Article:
Racial Politics and Black Digital Networks
Critical Cultural Communication
Published by: NYU Press
288 pages, 152.40 x 228.60 mm
- ISBN: 9781479813056
- Published: December 2019
How black Americans use digital networks to organize and cultivate solidarity
Unrest gripped Ferguson, Missouri, after Mike Brown, an unarmed black teenager, was shot and killed by Officer Darren Wilson in August 2014. Many black Americans turned to their digital and social media networks to circulate information, cultivate solidarity, and organize during that tumultuous moment. While Ferguson and the subsequent protests made black digital networks visible to mainstream media, these networks did not coalesce overnight. They were built and maintained over years through common, everyday use.
Beyond Hashtags explores these everyday practices and their relationship to larger social issues through an in-depth analysis of a trans-platform network of black American digital and social media users and content creators. In the crucial years leading up to the emergence of the Movement for Black Lives, black Americans used digital networks not only to cope with day-to-day experiences of racism, but also as an incubator for the debates that have since exploded onto the national stage. Beyond Hashtags tells the story of an influential subsection of these networks, an assemblage of podcasting, independent media, Instagram, Vine, Facebook, and the network of Twitter users that has come to be known as “Black Twitter.” Florini looks at how black Americans use these technologies often simultaneously to create a space to reassert their racial identities, forge community, organize politically, and create alternative media representations and news sources. Beyond Hashtags demonstrates how much insight marginalized users have into technology.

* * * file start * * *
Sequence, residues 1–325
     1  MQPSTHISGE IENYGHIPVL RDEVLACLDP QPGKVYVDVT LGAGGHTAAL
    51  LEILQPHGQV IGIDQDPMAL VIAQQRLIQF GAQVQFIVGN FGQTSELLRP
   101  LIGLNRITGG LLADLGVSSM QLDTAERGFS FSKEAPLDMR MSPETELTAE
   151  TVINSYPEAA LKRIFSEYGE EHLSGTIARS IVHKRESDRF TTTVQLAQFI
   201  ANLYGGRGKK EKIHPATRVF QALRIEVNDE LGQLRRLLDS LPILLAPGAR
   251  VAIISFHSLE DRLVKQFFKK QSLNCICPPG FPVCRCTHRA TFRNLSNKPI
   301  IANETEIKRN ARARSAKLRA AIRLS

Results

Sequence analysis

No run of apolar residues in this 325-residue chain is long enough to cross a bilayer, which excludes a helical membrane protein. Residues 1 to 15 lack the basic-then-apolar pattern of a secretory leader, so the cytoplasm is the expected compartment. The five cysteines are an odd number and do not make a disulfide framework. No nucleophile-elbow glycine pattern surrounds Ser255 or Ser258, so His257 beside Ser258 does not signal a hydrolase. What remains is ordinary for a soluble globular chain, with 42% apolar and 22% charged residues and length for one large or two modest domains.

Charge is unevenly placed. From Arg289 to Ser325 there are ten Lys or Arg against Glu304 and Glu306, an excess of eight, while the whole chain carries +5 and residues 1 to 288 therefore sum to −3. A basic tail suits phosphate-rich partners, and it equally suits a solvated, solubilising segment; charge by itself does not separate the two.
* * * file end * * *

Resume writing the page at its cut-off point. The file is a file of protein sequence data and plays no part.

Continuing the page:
Ranging across a host of new media, Beyond Hashtags places blackness at center of our understanding of digital distribution. In expanding what we think about politics, journalism, and society, Florini honors the expansive network of people working across media platforms to produce discourses around black identity and culture. ~Aymar Jean Christian, Northwestern University
Well suited for myriad human communication contexts… This is an engaging and accessible look into an often ignored yet painfully important element of the networked century. ~Choice
A masterwork of ethical, nuanced research on race and new media. Skillfully assembling analyses of multiple online media platforms, users, and practices, Florini examines how the 'interstitial hustle' of Black podcasters engaging audience across Facebook, Twitter, Patreon, and merchandising sites enables safety, political activism, and innovative content. ~André Brock, Jr., Georgia Tech